The left-wing Post obviously was doing a political hit job. Just a month before a December 12 special election that Moore was likely to win, the paper started parading accusers with astounding stories dating back 40 years. It’s a hit job, but might it also be true?
Elite establishment Republicans like John McCain, immediately calling on Moore to end his campaign, unbelievably proclaimed themselves too morally offended to contemplate having him seated beside them. And Senate Majority Leader McConnell, whose forces reportedly spent $30 million unsuccessfully to prevent Moore from getting the GOP nomination, saw another chance to exclude the Alabaman.
Grassroots Republicans, though, remembered the convenient allegations of sexual harassment against presidential hopeful Herman Cain in 2011, and Supreme Court nominee Clarence Thomas in 1991. Then there was the time the left-wing Post relentlessly hammered U.S. Sen. George Allen (R., Va.) in his 2006 re-election bid with the contrived accusation he was a racial bigot, leading to his narrow defeat.
Arizona GOP conservative activist Rob Haney, a longtime foe of McCain, told The Wanderer on November 15:
“If Judge Moore’s establishment-backed opponent, Luther Strange, had won the Republican primary, a Washington Post reporter would not have been in Alabama digging up dirt. The hyped exposé about Moore, whether true or not, has all the earmarks of another political hit piece hurled against a conservative candidate in the waning days of a campaign.
“I remember the political lynching. . . . Judge Clarence Thomas endured during his Senate hearings because he was a conservative black. And I remember how Sen. Ted Kennedy and President Bill Clinton were protected by their liberal cronies and a biased press for their proven crimes,” Haney said. He added:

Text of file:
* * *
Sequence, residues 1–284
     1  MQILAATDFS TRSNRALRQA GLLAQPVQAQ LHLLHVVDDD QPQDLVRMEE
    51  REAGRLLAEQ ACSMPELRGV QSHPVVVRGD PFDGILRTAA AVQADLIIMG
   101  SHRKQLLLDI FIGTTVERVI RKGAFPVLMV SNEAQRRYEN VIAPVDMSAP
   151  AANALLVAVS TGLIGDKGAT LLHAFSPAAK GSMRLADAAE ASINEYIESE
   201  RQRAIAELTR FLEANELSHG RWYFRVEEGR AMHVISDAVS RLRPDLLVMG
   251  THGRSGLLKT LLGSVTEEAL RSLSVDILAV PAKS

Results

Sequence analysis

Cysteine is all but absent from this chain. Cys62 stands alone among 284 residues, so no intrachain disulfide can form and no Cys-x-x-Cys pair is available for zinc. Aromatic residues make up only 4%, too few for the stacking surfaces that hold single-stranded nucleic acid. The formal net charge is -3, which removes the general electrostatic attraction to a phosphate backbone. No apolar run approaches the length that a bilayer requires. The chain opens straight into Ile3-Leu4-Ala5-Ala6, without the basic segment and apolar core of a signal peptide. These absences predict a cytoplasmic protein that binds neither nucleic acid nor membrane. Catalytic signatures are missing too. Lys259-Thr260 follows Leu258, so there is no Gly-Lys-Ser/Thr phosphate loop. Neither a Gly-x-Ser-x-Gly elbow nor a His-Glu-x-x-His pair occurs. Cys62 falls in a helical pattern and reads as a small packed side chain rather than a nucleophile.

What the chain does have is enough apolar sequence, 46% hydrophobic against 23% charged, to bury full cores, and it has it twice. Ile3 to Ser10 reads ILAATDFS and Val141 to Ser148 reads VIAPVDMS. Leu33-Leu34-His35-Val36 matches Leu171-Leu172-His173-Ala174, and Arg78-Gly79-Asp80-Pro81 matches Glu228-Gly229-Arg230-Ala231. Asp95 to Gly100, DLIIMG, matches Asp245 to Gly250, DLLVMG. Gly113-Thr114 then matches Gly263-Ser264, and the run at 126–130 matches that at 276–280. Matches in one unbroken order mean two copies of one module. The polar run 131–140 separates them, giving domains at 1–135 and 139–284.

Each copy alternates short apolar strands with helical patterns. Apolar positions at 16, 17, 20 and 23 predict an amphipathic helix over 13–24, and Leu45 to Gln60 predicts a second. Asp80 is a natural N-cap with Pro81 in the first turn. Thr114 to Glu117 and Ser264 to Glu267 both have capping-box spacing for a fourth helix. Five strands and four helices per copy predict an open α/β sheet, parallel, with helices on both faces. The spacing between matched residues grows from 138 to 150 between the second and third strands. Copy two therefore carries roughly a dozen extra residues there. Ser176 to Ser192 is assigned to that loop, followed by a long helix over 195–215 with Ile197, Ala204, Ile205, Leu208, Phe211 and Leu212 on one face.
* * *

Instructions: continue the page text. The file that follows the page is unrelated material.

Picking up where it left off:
“The scandals in which these lefties were entangled were concurrent with their terms in office. Judge Moore is accused of 40-year-old charges which are difficult to prove. And the crimes that Kennedy and Clinton committed were far more serious than the accusations of crimes against Moore.
“The careers of both Kennedy and Clinton got a boost despite their crimes because of the ‘circle the wagons’ protection afforded them by liberal political operatives and the mainstream media. The Republican establishment forces would rather have a liberal Democrat elected than a conservative Republican,” he said.
Meanwhile, conservative pundits including Laura Ingraham and Michelle Malkin noted accusations that sitting Democratic U.S. Sen. Robert Menendez, of New Jersey, had sexual relations with underage prostitutes.
But why should dominant media care much about this when they had a conservative Republican to roast for Thanksgiving? For which Dems give hearty thanks.